July 2017

As many of you know, I joined social discussion website Reddit a few weeks ago to answer questions about brain training and plasticity. The last I checked, the post had received 240 comments and over 5,000 views. This would seem to be a nice way to connect with the public (although, with a consideration of the wider world, this is not exactly a deeply impactful engagement).  Perhaps more importantly, this kind of interaction helps in our understanding how laypersons are thinking about our field. You can find the questions and my responses here.

If you are new to Reddit’s webpage layout, click here for a beginner’s guide.





Now, onto a highly-abbreviated update of new studies, ongoing trials, and industry updates from the last few months.


BrainHQ improves shooting discrimination and accuracy in law enforcement officers
Law enforcement professionals are under close public scrutiny and pressure over the appropriateness of their responses in potentially life-threatening situations. The high-profile cases of Eric Garner, Michael Brown, Freddie Gray—among over a dozen others made national news, are cases in point.  A steady drum-beat in media coverage of these stories and graphic cell phone video footage have eroded the perceived legitimacy of the law enforcement system in many communities.

Recent research and agency reviews have recommended a variety of measures and initiatives—most often training and policy related—to address these problems stemming from real and imagined cases of inappropriate uses of force. The truth is that policing decisions are performed near the limits of human neurological ability and control. A high-stress work environment—one that requires split-second, life and death, decisions when literally “under the gun”—sharply increases the frequency of perceptual and cognitive failures, such that officers are slower to assess the environment, divide attention among the relevant targets, and accurately determine threat. Police-citizen interactions gone awry have a neurological basis.

Dr. Gary Lambert and colleagues are tackling this important issue. In a paper currently under review for publication in the Journal of Applied Research Memory and Cognition (JARMAC), they showed that a limited subset of BrainHQ exercises dramatically improved shoot/don’t-shoot decision accuracy, i.e. the decision to use force on threatening targets (person holding a gun) and withhold force for non-threatening targets (person holding, for example, a cell phone). Sixteen Hanover County VA Sheriff’s Office deputies were randomly assigned to one of two groups that both completed approximately 10-15 minutes of training a day, five days a week, over the course of four weeks. The experimental group trained on three BrainHQ exercises (Visual Sweeps, Eye for Detail, Freeze Frame) hypothesized to target speed and accuracy with service-issued firearms, and specifically, to help officers make better shoot/don’t-shoot decisions. A control group of officers trained on three different BrainHQ exercises (Mind’s Eye, Juggle Factor, Mental Map) hypothesized to have little or noeffect on shoot/don’t shoot decisions.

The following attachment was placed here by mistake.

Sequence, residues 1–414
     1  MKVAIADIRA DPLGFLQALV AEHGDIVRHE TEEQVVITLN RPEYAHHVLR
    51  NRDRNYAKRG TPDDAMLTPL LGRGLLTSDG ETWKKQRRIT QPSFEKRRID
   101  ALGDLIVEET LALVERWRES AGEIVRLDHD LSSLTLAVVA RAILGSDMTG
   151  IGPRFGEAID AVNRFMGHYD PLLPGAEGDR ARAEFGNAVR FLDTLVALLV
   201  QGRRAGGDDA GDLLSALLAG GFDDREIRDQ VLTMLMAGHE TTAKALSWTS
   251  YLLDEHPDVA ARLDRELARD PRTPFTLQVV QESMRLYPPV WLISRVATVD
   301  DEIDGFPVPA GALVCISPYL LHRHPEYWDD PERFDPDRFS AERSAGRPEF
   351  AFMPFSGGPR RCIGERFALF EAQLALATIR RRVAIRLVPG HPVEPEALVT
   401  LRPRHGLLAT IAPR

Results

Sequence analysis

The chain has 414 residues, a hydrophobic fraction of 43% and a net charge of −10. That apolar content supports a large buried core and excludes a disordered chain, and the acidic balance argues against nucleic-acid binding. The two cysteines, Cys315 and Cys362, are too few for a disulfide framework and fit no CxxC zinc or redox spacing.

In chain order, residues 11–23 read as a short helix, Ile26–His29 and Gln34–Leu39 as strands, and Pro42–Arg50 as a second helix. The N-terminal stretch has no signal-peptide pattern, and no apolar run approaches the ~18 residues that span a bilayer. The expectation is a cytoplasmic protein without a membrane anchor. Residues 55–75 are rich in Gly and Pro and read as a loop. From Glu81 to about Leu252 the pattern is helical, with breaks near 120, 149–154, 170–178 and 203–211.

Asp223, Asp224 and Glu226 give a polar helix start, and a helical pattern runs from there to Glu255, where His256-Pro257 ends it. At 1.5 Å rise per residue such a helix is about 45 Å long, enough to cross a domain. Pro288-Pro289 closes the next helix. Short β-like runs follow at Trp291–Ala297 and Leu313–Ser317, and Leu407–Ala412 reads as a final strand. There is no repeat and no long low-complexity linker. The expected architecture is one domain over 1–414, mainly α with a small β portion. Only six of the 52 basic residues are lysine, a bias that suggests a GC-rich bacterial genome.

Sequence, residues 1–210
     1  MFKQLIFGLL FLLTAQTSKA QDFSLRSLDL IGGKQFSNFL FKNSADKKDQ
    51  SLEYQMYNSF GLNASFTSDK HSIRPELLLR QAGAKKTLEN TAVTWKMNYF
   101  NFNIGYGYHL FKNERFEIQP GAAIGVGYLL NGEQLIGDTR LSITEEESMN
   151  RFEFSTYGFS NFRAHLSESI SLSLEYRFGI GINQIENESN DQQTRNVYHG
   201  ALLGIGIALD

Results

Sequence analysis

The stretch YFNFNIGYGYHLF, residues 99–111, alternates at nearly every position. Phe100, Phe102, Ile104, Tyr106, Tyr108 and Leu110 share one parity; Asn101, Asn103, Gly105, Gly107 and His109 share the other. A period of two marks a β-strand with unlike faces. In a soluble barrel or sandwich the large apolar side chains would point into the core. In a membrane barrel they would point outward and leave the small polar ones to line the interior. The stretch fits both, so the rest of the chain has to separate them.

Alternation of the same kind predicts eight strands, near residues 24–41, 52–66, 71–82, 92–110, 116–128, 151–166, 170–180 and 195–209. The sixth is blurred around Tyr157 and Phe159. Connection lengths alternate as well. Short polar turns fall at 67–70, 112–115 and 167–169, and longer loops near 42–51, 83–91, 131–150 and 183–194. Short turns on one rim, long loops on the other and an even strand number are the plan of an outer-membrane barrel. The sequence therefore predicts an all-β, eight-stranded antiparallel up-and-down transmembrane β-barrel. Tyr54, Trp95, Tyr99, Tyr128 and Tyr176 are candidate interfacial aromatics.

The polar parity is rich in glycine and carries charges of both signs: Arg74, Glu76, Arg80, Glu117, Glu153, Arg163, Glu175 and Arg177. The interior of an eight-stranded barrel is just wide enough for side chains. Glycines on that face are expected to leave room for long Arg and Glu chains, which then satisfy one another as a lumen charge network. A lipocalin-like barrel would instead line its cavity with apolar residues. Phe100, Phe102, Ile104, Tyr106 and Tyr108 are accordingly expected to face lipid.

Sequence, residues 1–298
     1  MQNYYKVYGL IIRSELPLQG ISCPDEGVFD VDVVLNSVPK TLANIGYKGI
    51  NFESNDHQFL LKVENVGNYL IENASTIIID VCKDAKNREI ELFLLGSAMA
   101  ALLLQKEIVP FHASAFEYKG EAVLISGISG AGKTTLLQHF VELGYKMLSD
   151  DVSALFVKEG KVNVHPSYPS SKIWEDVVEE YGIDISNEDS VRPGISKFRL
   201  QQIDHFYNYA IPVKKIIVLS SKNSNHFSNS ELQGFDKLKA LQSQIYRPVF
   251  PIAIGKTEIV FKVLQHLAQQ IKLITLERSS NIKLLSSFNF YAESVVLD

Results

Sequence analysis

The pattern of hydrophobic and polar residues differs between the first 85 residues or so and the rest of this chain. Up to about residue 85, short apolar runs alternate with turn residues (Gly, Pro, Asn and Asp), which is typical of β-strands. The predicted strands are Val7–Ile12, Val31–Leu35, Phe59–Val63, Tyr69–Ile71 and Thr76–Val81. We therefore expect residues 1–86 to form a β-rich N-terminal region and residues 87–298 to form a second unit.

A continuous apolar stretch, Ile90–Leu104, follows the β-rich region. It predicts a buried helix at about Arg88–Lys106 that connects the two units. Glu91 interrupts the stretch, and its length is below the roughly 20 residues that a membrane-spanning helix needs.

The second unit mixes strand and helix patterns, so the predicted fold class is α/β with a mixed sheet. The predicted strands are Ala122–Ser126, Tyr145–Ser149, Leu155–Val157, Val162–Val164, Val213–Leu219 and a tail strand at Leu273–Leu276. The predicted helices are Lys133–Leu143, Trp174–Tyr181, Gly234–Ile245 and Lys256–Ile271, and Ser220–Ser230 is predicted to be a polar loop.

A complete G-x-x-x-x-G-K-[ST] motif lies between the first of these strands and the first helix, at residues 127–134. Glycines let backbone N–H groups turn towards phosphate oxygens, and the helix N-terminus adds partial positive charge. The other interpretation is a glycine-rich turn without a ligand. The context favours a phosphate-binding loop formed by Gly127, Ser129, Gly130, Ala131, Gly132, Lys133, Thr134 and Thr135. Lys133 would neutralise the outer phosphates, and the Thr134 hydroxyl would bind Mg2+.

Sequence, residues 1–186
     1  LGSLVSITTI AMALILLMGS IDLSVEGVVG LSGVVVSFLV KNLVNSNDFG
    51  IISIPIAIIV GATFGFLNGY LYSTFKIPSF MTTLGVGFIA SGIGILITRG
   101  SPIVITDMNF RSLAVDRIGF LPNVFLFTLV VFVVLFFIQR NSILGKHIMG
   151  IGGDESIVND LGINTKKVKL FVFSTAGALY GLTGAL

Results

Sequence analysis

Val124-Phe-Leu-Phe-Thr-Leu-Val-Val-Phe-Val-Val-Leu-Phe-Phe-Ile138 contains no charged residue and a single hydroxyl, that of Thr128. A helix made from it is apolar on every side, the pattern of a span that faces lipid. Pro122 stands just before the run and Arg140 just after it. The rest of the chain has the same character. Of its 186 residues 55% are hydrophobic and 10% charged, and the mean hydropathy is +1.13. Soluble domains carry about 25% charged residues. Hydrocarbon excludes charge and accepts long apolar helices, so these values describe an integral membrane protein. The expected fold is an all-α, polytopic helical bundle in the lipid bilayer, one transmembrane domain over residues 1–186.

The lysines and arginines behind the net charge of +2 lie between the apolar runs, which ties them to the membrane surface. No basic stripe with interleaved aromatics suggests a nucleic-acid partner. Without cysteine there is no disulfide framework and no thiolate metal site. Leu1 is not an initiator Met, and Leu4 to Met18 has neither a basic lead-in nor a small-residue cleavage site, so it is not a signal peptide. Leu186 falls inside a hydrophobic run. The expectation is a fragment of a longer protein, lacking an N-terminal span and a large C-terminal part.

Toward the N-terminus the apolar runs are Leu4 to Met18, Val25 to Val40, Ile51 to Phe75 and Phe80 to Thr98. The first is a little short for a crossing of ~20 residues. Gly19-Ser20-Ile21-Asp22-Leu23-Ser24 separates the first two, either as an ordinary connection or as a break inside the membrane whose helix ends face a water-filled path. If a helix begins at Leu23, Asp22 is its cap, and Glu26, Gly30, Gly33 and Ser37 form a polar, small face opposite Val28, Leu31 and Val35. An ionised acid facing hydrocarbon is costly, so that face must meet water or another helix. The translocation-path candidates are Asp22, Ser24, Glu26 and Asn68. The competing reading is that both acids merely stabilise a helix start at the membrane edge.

Officers engaged a robotic targeting system in a pre- and post-training test in which they were presented with an image of a person holding a gun (threat target; shoot) or a person holding a cell phone (non-threat target; don’t shoot). Trained officers were significantly better on the shooting task relative to controls (p < .05), with a large between-group effect size, (= 0.94). Previous studies by Dr. Lambert showed that training effects generalized to real life outcomes in valuable ways. Use of force among BrainHQ trained officers decreased by 46%, citizen complaints decreased by 40%, injuries incurred on the job decreased by 31%, and preventable car accidents decreased by 73%.

Based on these data, Dr. Lambert recently submitted a $2 million dollar grant to the National Institute of Justice to produce, deploy, and further validate BrainHQ for officer training. If funded, 500 officers across four police and sheriff department sites in Virginia will be randomized to 16-weeks of in-home BrainHQ vs. an active control. Shoot/don’t-shoot discrimination accuracy, officer use-of-force, citizen complaints, officer deaths and assaults, and preventable automobile accidents will be assessed pre-test, post-test, and at a +6-month benchmark to ensure sustained benefit of the training intervention. This project has the potential for reducing fatalities and injuries, and of substantially improving the quality of lives of the individuals who so generously serve us.

Let’s help a MS-y situation 
Multiple Sclerosis is a devastating autoimmune disease in which the body’s own immune system attacks the central nervous system. Dr. Leigh Charvet and colleagues from NYU’s Langone Medical Center tested whether debilitating cognitive changes observed in MS could be improved by targeted brain training. In the largest double-blind, randomized, placebo-controlled trial to date on MS and brain training (PLOS ONE, May 2017), 135 participants with MS from Stony Brook University Hospital were assigned to either BrainHQ or an active control. Both groups trained at home one hour a day, five days a week, for 12 weeks, for a maximum training duration of 60 hours. Those training on BrainHQ improved by 29% in overall cognition as measured through a composite score of neuropsychological tests of processing speed, working memory, verbal and visual learning and scanning. Participants felt these positive changes themselves with around 57% of the BrainHQ group reporting a subjective improvement in their cognitive status relative to 31% in the control group. In a disease with no treatment for cognitive impairment— a core part of the disease—a safe and effective treatment achieved via plasticity-based brain training could be very important.

BrainHQ’s Immediate Mood Scaler tool validated for documenting mood disorders 
A major BrainHQ goal is to bring digital therapies to the market. We want to start seeing assessments and training schedules in our doctor offices and schools that are valid, scalable, and fast. We want to predict conditions before they arise, and track conditions once they manifest. We want to move as swiftly as we can toward the goal of creating a healthier society and a more efficient healthcare system.